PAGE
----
One should distinguish between the most elemental phase, in which the qualities just indicated only occur spontaneously, in a disorderly and transient fashion, often like a kind of spontaneous combustion, and on the other, the phase in which these qualities are affirmed and stabilized. The first phase is common in youth properly speaking, in individuals who are then gradually “normalized,” “come to their senses,” convincing themselves that “idealism is one thing, real life another,” abdicating the will to the unconditioned, which is thereby revealed to have had, in such cases, a largely physical basis. The second phase occurs, on the other hand, when ordeals have had to be faced, hard ordeals, and these ordeals have been endured without failing.
This is true both in the interior and in the political domain. With this we can return to the problem with which we began. Which generation of yesterday is it that today’s generation can no longer understand? In fact, something has repeated itself: yesterday, too (after World War I), there was a “generation of the front”; yesterday, too, they were faced with intolerable political, social and moral conditions, and in the impetuosity, idealism and virility born out of a life of danger and combat, the basis of the fascist movement was formed. Today, things recur in the same terms; in addition, there is the circumstance of an even more severe ordeal, since today’s “front generation” is the survivor not of a victory, but of a defeat and a general disintegration.
In these terms, there should only be a fundamental continuity. This continuity of a “youth” that is not biological but political, only ceases to exist when it comes to those men who, after fascism came to power, lost themselves, were no longer capable of maintaining their intransigence, their will to the unconditioned, their radicalism, selling their birthright for a mess of pottage: for this or that semi-bureaucratic position within the framework of a despicable, theatrically presented officialdom and a new conformism.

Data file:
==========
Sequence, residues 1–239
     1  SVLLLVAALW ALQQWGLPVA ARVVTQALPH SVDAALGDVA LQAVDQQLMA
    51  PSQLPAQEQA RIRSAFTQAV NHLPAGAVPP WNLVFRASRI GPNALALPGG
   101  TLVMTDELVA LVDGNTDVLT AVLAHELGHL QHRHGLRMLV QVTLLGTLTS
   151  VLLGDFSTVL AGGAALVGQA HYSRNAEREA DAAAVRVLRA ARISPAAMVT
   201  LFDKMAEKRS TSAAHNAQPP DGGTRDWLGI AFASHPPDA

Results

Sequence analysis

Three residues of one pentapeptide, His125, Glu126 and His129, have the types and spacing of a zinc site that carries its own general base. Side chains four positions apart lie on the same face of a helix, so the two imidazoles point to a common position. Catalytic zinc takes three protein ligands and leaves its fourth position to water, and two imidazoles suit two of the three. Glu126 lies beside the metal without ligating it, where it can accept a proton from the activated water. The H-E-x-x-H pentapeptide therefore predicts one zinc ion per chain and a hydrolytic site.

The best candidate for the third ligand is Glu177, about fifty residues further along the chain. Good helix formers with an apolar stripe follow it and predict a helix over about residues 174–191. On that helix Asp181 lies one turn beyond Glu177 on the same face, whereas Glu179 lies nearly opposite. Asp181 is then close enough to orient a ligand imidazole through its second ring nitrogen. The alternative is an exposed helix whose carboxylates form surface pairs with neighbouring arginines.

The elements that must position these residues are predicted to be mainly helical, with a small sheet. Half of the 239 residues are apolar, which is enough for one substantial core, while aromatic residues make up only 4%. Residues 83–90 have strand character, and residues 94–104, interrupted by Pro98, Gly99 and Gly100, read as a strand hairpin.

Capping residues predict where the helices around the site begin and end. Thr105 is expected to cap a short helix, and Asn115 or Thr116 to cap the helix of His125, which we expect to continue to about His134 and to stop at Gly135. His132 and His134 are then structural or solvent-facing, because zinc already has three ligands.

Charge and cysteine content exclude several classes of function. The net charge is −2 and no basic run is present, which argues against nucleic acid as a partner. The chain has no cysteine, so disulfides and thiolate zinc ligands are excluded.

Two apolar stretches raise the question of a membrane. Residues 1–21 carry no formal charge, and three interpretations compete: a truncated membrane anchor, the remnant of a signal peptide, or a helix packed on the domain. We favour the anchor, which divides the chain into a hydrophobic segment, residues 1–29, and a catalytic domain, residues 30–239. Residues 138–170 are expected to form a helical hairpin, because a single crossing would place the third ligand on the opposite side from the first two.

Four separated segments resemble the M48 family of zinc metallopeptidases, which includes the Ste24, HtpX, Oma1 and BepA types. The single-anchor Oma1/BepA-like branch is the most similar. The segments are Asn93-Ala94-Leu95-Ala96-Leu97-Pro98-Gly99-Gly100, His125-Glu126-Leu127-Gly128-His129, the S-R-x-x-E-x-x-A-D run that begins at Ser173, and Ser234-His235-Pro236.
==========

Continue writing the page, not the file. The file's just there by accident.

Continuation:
But it would be really unfair to lump them all together and deny that within fascism, there were also men who remained upright, often hampered in every way by one or the other unofficial clique. The reuniting of these men with the new wave, with the new youth and the new “front generation,” should be natural and based on an affinity: like the flow of a current that, having overcome an obstruction, an obstacle, resumes its course.
One more point should be mentioned. It is not always easy — especially in the case of Italians, Mediterraneans — to give oneself an autonomous value. In order to have a sense of individuality, in order to feel important, many have a need to fret, to at all costs oppose something or someone. It is in this light that we must judge certain aspects of the “revolutionary calling” and also a certain individualist tendency of “the youth,” when it feels the need to differentiate itself at any cost, indiscriminately espousing new ideas just because they are new. Because of this, it is often, therefore, merely a case of an “inferiority complex”: the need to assert oneself in an indirect way, by antithesis and contrast, because one does not feel sure enough of oneself. This attitude should be rectified by the political, and not simply biological, youth. The highest ambition should not consist in being a revolutionary at all costs, but rather in being the exponent of a tradition, the bearer of a transmitted force, which should be enhanced and potentiated with anything that can secure the inflexibility of its direction. This also goes for the domain of ideas, and one of the proofs of inner freshness is the ability to understand that true ideas are above every contingency, and that it is through them that authentic personality acquires its value: not through a confused revolutionary impulse, not through a preconceived distrust of the past, not through a disorderly dynamism that only shows the lack of a true inner form. Without getting into particulars, since this is not the place for that, we can easily discern on this basis what, in today’s political youth, needs to be rectified in terms of general attitude, so that as a unified force, it can pursue a precise political ideal: the ideal of the true organic State.